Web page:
- Opioid prescriptions for ankle sprain in the emergency department (ED) are associated with higher risk for prolonged use.
- Authors: findings “support the importance of keeping opioid-naive patients opioid-naive” and suggest “ample opportunity to reduce excessive prescribing.”
Why this matters
- Studies linking opioid prescriptions to prolonged use have failed to adjust for confounding by indication.
- Ankle sprain can be effectively treated without opioids.
- Opioid prescription rate: 25.1% (n=7739).
- Prescription rates: from 40.0% (Arkansas) to 2.8% (North Dakota).
- Prolonged opioid use, with vs without initial opioid prescription: 0.73% (95% CI, 0.63%-0.84%) vs 0.50% (95% CI, 0.40%-0.59%).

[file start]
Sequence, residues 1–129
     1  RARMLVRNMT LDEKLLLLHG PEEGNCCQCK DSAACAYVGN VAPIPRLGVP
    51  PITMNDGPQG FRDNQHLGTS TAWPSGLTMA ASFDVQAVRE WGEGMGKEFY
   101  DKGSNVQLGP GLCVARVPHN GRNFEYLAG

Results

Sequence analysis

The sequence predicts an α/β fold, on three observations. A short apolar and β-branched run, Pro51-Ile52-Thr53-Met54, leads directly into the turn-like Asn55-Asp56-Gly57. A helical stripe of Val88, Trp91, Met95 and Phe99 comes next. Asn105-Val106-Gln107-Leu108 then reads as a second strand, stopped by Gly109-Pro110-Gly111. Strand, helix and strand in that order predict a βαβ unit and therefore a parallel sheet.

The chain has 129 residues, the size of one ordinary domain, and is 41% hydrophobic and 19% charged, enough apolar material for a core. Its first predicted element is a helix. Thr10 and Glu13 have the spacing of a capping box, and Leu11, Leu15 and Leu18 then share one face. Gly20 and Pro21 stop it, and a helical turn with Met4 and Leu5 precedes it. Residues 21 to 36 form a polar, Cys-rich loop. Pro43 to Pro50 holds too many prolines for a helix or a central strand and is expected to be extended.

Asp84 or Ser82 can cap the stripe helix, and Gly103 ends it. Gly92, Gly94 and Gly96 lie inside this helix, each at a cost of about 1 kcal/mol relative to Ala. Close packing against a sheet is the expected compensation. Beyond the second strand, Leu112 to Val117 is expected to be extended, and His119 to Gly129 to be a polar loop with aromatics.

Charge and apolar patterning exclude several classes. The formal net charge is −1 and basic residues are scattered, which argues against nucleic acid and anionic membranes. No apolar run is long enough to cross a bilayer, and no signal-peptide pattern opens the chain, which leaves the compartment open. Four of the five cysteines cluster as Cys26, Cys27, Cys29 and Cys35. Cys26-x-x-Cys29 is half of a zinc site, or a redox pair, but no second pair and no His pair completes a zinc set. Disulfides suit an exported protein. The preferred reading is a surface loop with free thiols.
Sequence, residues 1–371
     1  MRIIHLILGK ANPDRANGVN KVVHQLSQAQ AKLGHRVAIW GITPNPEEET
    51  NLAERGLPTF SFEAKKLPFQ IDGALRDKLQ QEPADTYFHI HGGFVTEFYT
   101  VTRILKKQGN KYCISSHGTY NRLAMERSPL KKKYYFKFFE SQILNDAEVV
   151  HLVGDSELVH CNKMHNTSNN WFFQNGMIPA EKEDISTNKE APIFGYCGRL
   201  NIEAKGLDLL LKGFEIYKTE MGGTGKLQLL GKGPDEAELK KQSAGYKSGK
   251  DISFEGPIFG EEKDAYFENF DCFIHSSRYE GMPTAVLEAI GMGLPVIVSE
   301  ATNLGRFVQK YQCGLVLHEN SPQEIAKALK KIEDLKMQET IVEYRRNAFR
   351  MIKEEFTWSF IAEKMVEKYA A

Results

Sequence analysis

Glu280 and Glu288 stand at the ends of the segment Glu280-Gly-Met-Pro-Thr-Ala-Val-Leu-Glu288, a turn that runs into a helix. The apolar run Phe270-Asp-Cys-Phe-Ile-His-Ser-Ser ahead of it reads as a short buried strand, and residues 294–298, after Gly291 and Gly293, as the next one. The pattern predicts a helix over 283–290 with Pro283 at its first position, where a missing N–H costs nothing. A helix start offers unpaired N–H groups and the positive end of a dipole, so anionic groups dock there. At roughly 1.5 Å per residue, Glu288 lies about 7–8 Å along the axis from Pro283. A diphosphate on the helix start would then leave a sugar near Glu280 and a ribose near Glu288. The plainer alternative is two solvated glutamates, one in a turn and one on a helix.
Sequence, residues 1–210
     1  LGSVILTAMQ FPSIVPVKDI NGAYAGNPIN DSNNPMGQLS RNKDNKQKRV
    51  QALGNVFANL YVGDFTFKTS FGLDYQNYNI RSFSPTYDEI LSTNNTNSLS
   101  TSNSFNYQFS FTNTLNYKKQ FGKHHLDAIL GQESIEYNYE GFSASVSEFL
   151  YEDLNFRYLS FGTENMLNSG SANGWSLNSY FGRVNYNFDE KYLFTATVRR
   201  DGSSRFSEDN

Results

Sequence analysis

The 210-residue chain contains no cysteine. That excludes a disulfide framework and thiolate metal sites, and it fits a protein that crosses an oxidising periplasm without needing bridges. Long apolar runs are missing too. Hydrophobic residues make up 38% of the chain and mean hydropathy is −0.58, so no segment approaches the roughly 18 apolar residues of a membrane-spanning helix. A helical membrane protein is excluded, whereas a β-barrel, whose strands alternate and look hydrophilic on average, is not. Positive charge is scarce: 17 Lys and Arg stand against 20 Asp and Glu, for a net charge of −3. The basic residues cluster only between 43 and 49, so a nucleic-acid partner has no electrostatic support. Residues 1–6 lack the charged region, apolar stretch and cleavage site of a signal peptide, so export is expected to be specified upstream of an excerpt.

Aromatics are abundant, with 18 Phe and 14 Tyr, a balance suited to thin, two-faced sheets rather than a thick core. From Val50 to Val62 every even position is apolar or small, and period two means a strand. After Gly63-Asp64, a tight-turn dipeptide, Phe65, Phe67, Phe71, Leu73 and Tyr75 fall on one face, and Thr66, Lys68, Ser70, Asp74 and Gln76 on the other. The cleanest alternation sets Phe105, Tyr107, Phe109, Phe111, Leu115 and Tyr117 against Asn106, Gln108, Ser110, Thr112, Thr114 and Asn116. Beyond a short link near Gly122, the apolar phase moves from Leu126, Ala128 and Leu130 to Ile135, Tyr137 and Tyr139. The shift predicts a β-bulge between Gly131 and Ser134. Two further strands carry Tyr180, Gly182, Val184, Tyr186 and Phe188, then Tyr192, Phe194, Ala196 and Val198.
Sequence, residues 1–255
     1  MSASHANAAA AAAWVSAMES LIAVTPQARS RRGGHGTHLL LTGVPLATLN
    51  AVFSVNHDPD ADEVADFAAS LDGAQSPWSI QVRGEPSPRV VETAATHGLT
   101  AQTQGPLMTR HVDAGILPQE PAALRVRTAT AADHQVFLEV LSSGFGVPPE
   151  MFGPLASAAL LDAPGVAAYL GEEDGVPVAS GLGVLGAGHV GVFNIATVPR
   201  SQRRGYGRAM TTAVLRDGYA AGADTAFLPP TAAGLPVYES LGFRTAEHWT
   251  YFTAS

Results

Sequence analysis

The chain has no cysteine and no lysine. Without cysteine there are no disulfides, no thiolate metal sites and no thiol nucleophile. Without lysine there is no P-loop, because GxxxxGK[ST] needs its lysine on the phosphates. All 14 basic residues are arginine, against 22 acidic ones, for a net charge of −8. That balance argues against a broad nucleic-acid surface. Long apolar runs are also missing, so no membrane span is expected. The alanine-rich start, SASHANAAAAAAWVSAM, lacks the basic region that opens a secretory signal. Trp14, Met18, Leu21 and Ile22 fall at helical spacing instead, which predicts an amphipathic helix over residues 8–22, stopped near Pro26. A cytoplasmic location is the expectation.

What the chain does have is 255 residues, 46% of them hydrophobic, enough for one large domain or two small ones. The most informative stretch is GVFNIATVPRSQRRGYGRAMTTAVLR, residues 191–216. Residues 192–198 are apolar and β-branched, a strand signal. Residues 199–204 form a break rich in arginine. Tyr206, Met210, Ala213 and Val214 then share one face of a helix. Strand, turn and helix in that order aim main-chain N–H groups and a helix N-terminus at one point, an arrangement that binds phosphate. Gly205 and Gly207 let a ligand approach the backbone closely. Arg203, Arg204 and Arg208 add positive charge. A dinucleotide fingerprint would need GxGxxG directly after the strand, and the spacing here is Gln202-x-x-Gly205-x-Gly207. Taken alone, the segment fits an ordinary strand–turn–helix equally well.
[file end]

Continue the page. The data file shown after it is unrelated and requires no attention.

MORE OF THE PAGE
- Prolonged opioid use risk (adjusted, based on morphine milligram equivalents [MMEs]):
- At ≤75 MMEs: 1.10% (95% CI, 0.72%-1.53%);
- >225 MMEs: 4.9% (95% CI, 1.8%-8.1%);
- Above risks rose with higher-potency initial opioids (hydrocodone or oxycodone).
- Retrospective cohort analysis, insurance claims for opioid-naive US adults treated in EDs for ankle sprain, 2011-2015 (n=30,832).
- Outcomes included:
- Opioid prescription rate (prescription filling within 3 days of ED encounter);
- Rate of transition to prolonged opioid use (≥4 prescriptions filled within 30-180 days of encounter).
- Funding: NIH; University of Pennsylvania.
- Rising heroin availability could depress prolonged opioid use measure.